I stood at Nicholas’ grave yesterday with my 14-year-old daughter wrapped in my arms. I cried and begged her to always tell me about stresses in her life. I told her that I will always be open and will never judge her. I will get her the help she needs to deal with anything and everything. I told her my love for her is stronger than any problem she might have. I made her promise me that she would never to turn to drugs to cope with her problems. I hope and pray she keeps that promise. My 11-year-old son and I will have the same conversation tonight.

Nicholas died just a few weeks after his 30th birthday. He turned to heroin in his late 20s. It can happen to anyone at any time. Heroin does not discriminate. It is cheap and easy to find. I am asking all of you to have this conversation with your children, grandchildren, nieces, nephews, friends and loved ones. Have this conversation no matter if they are 10 or 40.

Please share your thoughts and comments here as our family truly appreciates reading them. And please share this with your family and friends. Heroin is an epidemic an education is the only way to crush it.

heroin

Find a Cure for Joey

super joeyMy 11-year-old son Joey suffers from Langerhans Cell Histiocytosis. His white blood cells attacked his hip bone and ate it away causing him to need a hip bone graft and spend several months in a wheel chair. He’s been in and out of the hospital for the last 16 months. This disease could attack again at any time. There is no cure. There is very little funding for researching. You can help us find a cure for Joey and the thousands of other kids this disease affects.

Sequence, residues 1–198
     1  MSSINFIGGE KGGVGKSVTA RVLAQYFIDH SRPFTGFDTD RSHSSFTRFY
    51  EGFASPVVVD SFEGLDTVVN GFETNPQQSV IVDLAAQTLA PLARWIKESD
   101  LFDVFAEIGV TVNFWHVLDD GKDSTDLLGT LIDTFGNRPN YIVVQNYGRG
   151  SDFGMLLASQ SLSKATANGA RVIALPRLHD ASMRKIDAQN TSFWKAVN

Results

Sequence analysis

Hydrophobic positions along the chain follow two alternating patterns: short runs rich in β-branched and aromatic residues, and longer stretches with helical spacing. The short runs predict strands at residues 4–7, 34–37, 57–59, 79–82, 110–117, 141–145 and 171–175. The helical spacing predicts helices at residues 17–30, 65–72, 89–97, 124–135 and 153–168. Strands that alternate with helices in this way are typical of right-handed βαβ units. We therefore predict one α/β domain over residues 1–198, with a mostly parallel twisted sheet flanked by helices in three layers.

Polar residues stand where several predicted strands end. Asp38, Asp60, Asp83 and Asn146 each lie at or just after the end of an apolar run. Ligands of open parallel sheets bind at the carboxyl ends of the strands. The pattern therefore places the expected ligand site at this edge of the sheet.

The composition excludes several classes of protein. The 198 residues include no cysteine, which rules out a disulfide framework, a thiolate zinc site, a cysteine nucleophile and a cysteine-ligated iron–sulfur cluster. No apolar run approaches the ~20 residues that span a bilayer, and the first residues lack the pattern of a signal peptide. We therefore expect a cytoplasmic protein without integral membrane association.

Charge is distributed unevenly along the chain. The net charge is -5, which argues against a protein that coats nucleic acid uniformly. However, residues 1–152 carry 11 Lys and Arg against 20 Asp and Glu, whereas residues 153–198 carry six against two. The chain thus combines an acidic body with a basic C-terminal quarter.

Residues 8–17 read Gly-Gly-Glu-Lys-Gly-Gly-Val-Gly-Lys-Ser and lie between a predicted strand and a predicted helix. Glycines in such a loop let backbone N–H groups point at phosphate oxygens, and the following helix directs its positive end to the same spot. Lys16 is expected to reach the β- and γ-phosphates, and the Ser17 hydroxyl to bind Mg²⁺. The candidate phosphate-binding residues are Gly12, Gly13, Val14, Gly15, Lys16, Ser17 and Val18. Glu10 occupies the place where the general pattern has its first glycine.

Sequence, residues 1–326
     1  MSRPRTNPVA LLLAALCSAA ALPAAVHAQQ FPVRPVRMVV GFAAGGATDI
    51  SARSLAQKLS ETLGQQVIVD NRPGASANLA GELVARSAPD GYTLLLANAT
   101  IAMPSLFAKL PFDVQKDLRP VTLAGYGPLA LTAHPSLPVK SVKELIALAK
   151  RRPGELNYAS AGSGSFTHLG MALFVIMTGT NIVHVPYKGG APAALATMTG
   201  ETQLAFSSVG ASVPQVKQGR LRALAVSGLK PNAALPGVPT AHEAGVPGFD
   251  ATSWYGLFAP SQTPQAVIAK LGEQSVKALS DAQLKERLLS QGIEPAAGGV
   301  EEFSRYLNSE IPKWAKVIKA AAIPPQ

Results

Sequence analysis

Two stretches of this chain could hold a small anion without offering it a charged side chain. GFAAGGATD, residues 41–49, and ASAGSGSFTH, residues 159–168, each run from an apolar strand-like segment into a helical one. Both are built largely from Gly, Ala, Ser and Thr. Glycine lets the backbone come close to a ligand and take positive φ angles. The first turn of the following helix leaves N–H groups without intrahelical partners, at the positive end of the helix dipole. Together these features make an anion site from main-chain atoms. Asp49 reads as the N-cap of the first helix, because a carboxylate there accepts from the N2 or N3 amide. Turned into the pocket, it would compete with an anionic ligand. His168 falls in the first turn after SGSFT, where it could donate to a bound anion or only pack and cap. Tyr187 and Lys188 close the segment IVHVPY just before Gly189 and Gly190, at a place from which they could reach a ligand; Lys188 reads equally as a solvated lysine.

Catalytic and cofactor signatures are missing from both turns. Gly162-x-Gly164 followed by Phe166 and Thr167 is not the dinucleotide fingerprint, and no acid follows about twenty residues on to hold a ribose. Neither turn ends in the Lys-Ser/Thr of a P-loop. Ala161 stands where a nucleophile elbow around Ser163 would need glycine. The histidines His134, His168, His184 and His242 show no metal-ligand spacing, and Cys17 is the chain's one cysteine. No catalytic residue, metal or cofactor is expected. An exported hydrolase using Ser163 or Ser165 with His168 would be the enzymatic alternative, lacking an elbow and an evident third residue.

My son is training for Histio Hike Ohio that takes place at the end of September. He plans to do the six mile hike. He must get his leg and hip stronger to be able to participate without pain. He walks, rides his bike and does his physical therapy exercises everyday. He is looking forward to meeting other kids with Histio and being able to talk to them about what he is living with and what he’s been through. This hike has given him something to look forward to and an incentive to work hard and get stronger.

There are two ways you can show Joey your support and help find a cure for his disease.

1. You can sponsor him in the hike by going to this site. We truly appreciate your donation whether it’s $5 or $500.

2. You can buy a Team Super Joey T-shirt (art below). Shirts cost $15. They come in men’s and youth sizes and should not shrink. They are super soft light-weight Ts. Joey’s 14-year-old sister designed the shirts. You can email me your T-shirt order (gina5620@gmail.com) or put it in a comment on this post. If you know me personally, you can give me the money or anyone can pay via paypal by entering my email address. We will ship T-shirts to those out of the Greater Cincinnati area at no extra charge. Proceeds will be given to Histio research.

T-shirt art - the word "Team" will be above Super on the T-shirts

T-shirt art – the word “Team” will be above Super on the T-shirts

It would be amazing for Joey to see people in the community, family and friends sporting these T-shirts in support of him.

Please help us find a cure for Joey and all the other kids who suffer from this rare disease (or rarely detected) by making a donation and/or buying a T-shirt. We truly appreciate your support!

Please leave a note here in encouraging Joey in his training for the hike. He loves reading your words of encouragement.